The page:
HOW TO GROW PROTEAS

Proteas and their many relatives form an important part of the unique floral kingdom called “fynbos” that is found growing predominantly in the winter rainfall areas of the Southern tip of Africa. Their natural distribution range extends out of this region and into Tropical Africa. Most of the plants cultivated in local gardens are of South African origin and include many hybrids.

Today most protea plants are propagated from cuttings ensuring strong vigorous growth and the ability to flower from a very young age. This fact alone makes them highly desirable flowering shrubs with a truly South African heritage. These new generation hybrid plants thrive in a range of climatic conditions and are found growing in gardens in many parts of the country.

PLANTING PROCEDURES

– Proteas need well drained soil and grow best in an exposed position on steep ground with free air movement and plenty of sunshine
– Dig planting holes twice as deep and three times as wide as the pot the plants are growing in
– Do not add any fertiliser or compost to the soil
– Proteas grow in phosphate deficient soils
– If soil is poorly drained add acid compost or peat moss at the recommended rate and mix thoroughly with the garden soil
– Soak the potted protea plant in a bucket of water for a few minutes, remove and let the water drain away
– Remove the pot or nursery bag with care so as not to disturb the root ball
– Plant the protea into the prepared hole at the same depth as the it was growing in the nursery pot
– Fill in around the root ball and firm soil down gently
– Form an irrigation basin around the plant to direst water to the root area
– Once planting is complete water well to settle the loose soil

FERTILISING AND CARE

– Place a layer of mulch around the protea to keep the roots cool and repel weeds
– Water regularly (every day or 2nd day) for the first 3 months after transplanting or until fresh new growth is produced
– Check regularly for symptoms of pests and diseases
– Water during dry weather
– Do not fertilise as a general rule
– Pick flowers when they are ready
– Prune back protea plants after flowering is complete to maintain shape
– Some proteas need winter frost protection in colder areas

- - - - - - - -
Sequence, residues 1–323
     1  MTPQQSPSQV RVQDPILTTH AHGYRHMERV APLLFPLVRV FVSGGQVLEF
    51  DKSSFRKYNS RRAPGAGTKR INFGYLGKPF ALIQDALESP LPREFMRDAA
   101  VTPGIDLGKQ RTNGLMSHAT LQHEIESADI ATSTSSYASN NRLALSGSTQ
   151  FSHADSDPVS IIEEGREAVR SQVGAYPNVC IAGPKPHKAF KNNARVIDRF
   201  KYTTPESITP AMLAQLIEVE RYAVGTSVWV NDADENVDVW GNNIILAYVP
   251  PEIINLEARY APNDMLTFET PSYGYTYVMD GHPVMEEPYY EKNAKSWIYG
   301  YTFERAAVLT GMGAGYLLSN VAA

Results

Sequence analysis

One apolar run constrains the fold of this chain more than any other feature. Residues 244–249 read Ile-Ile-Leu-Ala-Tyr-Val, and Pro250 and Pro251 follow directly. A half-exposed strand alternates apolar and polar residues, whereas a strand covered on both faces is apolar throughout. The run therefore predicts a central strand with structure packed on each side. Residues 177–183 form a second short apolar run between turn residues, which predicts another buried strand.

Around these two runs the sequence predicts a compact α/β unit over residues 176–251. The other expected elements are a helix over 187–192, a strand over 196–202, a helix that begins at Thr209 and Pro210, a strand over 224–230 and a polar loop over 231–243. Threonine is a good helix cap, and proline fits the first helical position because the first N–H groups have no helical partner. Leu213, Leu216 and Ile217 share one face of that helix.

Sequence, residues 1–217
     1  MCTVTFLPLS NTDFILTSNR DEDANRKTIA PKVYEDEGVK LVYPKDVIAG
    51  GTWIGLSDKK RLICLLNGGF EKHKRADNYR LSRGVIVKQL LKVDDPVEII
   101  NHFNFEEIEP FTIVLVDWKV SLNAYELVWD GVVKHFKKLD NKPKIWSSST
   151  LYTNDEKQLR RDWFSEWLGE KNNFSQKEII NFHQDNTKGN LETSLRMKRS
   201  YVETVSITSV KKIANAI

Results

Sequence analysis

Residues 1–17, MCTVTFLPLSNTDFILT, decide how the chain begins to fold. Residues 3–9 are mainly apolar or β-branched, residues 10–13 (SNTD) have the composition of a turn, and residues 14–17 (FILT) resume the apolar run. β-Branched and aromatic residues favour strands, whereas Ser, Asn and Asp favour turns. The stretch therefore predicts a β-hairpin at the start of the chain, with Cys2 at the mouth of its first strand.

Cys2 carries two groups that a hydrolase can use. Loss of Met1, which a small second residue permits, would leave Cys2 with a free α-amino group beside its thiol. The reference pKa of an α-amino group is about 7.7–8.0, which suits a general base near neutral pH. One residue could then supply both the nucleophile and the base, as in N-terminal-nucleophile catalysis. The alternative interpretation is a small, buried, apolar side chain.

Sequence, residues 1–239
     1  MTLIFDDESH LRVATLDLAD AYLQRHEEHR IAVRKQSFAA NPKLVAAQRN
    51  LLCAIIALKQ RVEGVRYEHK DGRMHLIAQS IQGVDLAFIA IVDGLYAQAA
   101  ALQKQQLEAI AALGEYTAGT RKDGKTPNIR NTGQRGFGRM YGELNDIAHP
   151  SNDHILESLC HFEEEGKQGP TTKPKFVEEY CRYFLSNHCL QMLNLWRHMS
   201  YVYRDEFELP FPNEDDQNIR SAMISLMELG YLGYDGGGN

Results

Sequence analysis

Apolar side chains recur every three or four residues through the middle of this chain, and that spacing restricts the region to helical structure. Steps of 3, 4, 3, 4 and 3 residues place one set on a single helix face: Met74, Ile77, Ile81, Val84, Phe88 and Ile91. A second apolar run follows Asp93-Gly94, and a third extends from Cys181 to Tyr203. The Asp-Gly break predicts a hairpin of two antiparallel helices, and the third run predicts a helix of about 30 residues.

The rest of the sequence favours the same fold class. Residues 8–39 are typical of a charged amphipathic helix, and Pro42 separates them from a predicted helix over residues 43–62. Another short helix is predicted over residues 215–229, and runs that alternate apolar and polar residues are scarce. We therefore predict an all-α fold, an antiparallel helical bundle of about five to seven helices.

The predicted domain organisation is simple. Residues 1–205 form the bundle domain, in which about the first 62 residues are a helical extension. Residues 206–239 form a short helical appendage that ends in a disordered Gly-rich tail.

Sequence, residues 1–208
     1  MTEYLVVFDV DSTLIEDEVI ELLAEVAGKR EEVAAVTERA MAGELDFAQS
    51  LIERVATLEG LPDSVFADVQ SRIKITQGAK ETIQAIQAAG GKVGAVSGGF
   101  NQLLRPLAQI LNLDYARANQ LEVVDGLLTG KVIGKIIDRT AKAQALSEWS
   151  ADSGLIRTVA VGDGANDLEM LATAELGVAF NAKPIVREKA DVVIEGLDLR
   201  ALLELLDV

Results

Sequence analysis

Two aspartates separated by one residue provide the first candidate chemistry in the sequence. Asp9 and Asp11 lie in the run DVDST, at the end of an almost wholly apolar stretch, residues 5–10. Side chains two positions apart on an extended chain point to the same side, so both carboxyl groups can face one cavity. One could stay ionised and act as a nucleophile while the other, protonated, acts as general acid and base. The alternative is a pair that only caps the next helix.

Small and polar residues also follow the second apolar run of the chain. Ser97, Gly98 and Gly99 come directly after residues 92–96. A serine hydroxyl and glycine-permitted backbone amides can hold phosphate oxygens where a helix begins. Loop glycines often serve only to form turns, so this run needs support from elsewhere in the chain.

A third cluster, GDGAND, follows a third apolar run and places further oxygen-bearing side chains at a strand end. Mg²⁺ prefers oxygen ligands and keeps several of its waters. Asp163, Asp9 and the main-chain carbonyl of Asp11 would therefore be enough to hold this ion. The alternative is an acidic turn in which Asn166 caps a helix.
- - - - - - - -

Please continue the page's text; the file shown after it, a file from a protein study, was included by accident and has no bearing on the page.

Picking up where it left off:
PESTS AND DISEASES

– Aphids gather on the soft new growth tips and suck the sap out of the plant – control with a general insecticideor aphicide
– Chewing insects damage leaves and flowers – treat with a systemic insecticide
– Red spider mites are a problem on some plants in summer – use a suitable miticide
– Iron deficiency is identified by yellow leaves on weak growth tips – correct with a drench of iron chelate
– Certain proteas and their relatives are prone to a fungal disease that causes black spots on the upper and under surface of the leaves – spray with a copper based fungicide
– In grassland areas beware of rodent damage in winter
– Mice eat the bark at the base of the stem effectively ring barking the protea

GARDEN USES

– Excellent for “fynbos” indigenous gardens
– Use in large rock gardens or on sunny well drained banks
– Good in large pots and containers
– Some make good screening plants
– Wonderful long lasting cut flowers
– Attract birds and insects

SUMMARY

1. Proteas and their close relatives are truly South African plants
2. Plant modern hybrids grown from cuttings to ensure the best results
3. Take care planting them out correctly
4. Never disturb around the root zone of proteas both young and old
5. Only use fertiliser sparingly with due care and caution

SHOPPING LIST

– Spade and fork for digging planting holes
– Acid compost and peat moss for soil enrichment
– Watering can or hose pipe
– Short stake with suitable ties
– Mulch material like dry straw or pine needles